It's been four weeks since the first of three improvised explosive devices (IEDs) hidden inside flashlights appeared in Arizona. And, in the ten days since the Blaze first reported on this story, not much has happened. Police have not announced any arrests and they have not identified any "persons of interest." The people in Phoenix are reportedly "on edge."
However, there is some good news. Since the May 24th incident where a flashlight exploded at a local Salvation Army donation center, no additional IEDs have been reported. But the police and ATF do not believe the case is closed or the people/persons responsible for building and planting these bombs are finished.
Police still have no idea who is behind them and have taken the unusual step of putting up 22 billboards across the sprawling metro area to warn residents about discarded flashlights.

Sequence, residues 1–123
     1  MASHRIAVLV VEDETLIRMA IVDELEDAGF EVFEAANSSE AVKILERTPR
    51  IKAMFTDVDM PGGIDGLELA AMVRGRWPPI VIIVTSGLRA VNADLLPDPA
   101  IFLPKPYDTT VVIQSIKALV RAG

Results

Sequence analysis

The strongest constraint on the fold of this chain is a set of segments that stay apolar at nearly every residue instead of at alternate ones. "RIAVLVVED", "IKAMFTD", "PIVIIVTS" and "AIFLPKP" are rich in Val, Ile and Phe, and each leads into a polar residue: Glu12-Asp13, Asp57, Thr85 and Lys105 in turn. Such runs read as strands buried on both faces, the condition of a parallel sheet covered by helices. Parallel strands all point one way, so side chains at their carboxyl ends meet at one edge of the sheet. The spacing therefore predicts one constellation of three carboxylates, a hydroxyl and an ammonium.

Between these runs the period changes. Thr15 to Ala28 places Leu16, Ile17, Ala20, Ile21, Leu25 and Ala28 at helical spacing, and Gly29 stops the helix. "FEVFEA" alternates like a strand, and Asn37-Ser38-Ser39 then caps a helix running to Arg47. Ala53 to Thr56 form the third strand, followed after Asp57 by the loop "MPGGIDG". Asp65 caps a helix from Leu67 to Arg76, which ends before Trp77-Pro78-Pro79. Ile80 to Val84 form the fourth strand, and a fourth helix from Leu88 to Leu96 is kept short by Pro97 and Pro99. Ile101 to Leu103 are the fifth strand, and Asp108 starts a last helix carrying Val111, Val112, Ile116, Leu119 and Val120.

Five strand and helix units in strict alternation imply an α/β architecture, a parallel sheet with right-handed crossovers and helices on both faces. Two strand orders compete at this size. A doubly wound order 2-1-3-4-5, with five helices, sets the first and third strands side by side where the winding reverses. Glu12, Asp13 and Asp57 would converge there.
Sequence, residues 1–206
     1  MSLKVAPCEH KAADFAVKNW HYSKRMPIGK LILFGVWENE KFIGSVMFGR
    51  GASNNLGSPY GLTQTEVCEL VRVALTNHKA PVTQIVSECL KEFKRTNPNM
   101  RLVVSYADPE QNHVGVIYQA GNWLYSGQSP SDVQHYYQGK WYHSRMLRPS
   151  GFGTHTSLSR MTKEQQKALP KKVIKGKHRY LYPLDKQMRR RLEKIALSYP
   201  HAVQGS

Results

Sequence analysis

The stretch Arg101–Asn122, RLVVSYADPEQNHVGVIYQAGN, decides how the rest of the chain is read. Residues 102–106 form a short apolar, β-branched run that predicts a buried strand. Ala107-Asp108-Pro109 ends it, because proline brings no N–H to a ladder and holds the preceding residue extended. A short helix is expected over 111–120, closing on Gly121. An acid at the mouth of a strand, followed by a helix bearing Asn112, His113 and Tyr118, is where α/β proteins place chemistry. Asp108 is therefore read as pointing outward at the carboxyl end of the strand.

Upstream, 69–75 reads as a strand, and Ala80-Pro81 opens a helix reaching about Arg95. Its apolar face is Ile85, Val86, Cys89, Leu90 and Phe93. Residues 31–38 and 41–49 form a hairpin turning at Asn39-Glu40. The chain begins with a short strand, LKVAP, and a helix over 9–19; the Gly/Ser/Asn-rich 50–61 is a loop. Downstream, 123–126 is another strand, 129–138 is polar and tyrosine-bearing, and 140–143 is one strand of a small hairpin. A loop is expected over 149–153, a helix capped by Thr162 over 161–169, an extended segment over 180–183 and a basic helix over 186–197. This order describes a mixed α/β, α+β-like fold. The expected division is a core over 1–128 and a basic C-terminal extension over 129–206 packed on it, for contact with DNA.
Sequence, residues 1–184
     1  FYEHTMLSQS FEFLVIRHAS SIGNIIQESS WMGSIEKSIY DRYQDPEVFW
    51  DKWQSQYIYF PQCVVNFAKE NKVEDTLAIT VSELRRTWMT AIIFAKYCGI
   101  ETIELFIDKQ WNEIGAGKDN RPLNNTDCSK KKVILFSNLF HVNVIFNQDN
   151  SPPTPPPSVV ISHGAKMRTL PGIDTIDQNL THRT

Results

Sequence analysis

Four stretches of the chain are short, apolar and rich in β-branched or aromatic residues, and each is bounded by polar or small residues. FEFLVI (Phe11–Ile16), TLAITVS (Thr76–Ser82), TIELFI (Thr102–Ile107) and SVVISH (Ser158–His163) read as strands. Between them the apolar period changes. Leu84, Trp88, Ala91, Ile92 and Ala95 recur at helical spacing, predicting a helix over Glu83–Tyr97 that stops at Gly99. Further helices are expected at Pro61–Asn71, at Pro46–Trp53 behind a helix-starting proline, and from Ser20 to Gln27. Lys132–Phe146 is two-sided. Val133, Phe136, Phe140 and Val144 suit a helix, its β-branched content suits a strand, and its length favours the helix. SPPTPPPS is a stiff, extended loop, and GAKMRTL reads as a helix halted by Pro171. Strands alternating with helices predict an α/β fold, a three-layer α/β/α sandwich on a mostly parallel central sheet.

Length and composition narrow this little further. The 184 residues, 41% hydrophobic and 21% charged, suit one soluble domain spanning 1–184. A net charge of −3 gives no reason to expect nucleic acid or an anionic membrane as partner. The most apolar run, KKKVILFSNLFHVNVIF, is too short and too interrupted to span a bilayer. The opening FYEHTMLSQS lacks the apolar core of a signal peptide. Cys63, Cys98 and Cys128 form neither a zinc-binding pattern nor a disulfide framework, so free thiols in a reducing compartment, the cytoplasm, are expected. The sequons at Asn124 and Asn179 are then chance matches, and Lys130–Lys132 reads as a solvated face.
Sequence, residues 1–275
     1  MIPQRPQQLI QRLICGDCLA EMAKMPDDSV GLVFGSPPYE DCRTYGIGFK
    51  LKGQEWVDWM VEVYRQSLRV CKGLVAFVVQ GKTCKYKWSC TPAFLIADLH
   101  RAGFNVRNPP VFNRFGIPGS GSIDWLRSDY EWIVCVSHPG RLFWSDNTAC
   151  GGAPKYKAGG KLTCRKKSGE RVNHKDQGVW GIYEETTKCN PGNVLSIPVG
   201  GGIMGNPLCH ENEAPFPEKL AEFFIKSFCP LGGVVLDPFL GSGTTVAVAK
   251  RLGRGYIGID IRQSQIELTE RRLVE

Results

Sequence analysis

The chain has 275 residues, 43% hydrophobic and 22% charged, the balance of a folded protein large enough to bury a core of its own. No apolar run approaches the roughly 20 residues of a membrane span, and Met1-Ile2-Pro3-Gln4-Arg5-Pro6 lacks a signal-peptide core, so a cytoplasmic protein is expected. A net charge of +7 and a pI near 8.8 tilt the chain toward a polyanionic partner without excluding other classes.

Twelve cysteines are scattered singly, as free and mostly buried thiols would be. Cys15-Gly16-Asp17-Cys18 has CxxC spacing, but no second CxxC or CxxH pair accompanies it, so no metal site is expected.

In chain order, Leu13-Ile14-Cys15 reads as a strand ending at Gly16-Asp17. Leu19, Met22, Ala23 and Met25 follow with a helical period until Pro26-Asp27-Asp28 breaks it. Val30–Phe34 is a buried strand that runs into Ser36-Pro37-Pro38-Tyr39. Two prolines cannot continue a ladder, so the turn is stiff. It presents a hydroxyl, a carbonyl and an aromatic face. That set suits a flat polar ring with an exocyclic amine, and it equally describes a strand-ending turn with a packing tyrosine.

ATF Special Agent Tom Mangan told the AP's Myers that the agency doesn't believe there is a connection between the flashlight bombs and terrorism because of the random placement of the bombs and a lack of demands or messages after the explosions occurred.
The agency's offer of $10,000 for information leading to the arrest and conviction of the flashlight bomber still stands. However, law enforcement agencies are reporting that all of the leads called into the hotline have turned up very little credible information.
Meanwhile, Phoenix remains on edge and the Salvation Army is no longer accepting donations of flashlights.